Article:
The process for renovating Long Lots Elementary School, or replacing it, has begun.
This could be the first new school in Westport since Staples High (completed in 2005) and Bedford Middle (several years earlier). Coleytown Middle School reopened last year, after a long renovation project.
Sustainable Westport — an advisory group that helps town officials set environmental policy, and educates residents and businesses on gree issues — has some ideas on the future of Long Lots.
Their website says:
Facing capacity and infrastructure issues, Long Lots Elementary School is currently being considered for renovation, rebuilding, or some combination of both. This fall, the Representative Town Meeting (RTM) appointed a building committee to determine if a new build or renovation is the best course of action, and develop plans and specifications for the new space.
Whether Long Lots Elementary is renovated or rebuilt, the building represents an important opportunity to support and advance the town’s resolution to become Net Zero by 2050. But why should Westport consider building a “sustainable school”?
Sustainable schools deliver major health, educational, financial, and environmental benefits to students, teachers and communities. Sustainable schools more efficient, leading to lower operating costs. They also provide learning spaces that significantly improve the wellness and productivity of those in and around the building.
Better ventilation and air quality: A hallmark of sustainable schools is improved ventilation and air quality. Better ventilation will decrease the spread of illness and diminish the effects of asthma, allergies, and other respiratory problems. Put simply, cleaner air will result in healthier spaces with fewer absences for students and educators. With proper ventilation, air quality improves, which results in higher student productivity. High amounts of COz slows cognitive functioning, lowering both memory and concentration levels.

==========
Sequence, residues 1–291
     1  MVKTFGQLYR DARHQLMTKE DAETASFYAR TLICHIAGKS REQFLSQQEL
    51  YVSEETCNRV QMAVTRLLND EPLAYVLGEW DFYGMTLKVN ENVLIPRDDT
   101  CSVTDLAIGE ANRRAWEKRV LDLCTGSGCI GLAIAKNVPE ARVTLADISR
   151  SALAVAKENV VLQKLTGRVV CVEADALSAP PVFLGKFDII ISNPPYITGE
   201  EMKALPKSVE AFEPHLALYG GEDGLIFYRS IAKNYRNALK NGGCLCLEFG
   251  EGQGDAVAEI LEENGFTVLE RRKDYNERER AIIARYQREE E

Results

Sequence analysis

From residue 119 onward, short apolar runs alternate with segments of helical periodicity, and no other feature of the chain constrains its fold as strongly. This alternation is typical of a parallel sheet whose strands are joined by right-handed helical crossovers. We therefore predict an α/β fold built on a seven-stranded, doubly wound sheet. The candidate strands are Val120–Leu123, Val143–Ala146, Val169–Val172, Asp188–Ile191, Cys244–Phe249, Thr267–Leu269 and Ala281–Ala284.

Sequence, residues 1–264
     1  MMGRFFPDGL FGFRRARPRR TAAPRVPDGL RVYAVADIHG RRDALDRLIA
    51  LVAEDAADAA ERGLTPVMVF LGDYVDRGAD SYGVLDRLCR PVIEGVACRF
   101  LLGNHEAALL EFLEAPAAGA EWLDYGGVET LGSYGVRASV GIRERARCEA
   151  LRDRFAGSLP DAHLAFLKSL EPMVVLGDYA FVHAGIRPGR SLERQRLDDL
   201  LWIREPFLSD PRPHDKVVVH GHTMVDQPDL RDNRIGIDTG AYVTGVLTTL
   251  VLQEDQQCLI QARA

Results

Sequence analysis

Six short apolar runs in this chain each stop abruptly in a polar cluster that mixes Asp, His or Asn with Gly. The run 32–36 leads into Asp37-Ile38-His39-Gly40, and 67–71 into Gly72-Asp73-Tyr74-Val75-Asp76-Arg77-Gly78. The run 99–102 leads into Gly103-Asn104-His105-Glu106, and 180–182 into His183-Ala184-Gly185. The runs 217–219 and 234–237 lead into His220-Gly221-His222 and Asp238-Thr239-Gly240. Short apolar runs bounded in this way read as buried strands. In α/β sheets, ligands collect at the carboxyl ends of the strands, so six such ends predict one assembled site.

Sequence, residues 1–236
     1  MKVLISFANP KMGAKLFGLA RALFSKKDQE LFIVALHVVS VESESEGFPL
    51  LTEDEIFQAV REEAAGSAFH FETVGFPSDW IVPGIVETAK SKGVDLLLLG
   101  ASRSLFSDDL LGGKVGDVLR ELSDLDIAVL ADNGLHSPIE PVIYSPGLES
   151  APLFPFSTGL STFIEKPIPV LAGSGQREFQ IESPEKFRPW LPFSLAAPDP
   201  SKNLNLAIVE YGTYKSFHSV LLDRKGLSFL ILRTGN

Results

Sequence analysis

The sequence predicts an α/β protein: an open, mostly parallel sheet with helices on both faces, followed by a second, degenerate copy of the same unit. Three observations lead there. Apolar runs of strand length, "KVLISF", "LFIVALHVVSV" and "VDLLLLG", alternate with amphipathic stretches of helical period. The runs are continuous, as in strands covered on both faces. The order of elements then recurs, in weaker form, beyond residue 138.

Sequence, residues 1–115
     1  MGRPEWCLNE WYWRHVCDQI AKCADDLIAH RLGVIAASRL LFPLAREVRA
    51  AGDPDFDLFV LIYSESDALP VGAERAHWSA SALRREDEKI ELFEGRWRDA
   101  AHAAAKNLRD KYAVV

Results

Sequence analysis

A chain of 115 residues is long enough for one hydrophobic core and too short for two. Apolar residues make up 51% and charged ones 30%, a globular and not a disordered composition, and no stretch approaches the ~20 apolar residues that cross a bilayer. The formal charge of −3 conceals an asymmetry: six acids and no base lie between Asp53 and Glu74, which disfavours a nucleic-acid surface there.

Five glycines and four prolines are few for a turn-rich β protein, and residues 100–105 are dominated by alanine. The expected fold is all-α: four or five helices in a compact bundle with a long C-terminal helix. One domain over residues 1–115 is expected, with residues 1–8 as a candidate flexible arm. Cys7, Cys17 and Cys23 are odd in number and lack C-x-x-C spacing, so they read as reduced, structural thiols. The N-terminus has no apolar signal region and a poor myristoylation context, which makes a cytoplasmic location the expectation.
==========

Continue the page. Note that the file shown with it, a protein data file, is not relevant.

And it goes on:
Increased access to daylight: Sustainable schools are designed in a way that provides access to natural sunlight in as many spaces as possible, reducing the need for artificial light. Allowing sunlight to permeate deep into interior spaces provides numerous health benefits, including improved emotional well-being and sleep. In addition to mental and physical benefits, studies have also shown that daylight increases students’ test scores: students in classrooms with windows perform 20% faster on math tests and 26% faster on reading tests than students in windowless classrooms. Not to mention, increased daylight also reduces the reliance on artificial lighting, which decreases overall energy costs.
Lower operating costs: America’s K-12 schools currently spend $12.5 billion per year on energy costs. In Westport, the district budgeted over $3.2 million dollars for electricity, natural gas, and heating oil this school year. Pursuing net zero construction not only reduces building emissions and improves climate resilience, it also saves districts money that can then be used to re-invest in additional infrastructure updates. Compared to traditional school buildings, sustainable schools cost less than 2% more to build but use 33% less energy and 32% less water. The nation’s first net zero school opened in 2010. In its first 8 years of operation, the school saved $11.5 million.
Educational Opportunity: Sustainable schools provide a unique opportunity for students and the larger community to develop a deep connection and understanding of environmentalism and sustainability. Exposure to and education about the benefits of net zero buildings will help change mindsets leading to increased awareness and public support. Research shows that one year of climate change education can have a meaningful impact on a lifetime of emissions.
Environmental Impact: With less reliance on fossil fuels (high-performance) or no reliance on fossil fuels (net zero), sustainable schools release less pollution and greenhouse gases while also using less energy and water. These schools are carefully designed to utilize renewable energy sources and passive systems like daylighting and natural ventilation to reduce overall energy load. As a result, sustainable schools leave a microscopic carbon footprint, while also contributing to the health and well-being of their communities.
With the rebuild or renovation of Long Lots Elementary School on the horizon, we hope to champion the development of Westport’s own net zero school for the health of our community and to advance the town’s resolution to become net zero by 2050.
(To help sustain “06880,” please click here.)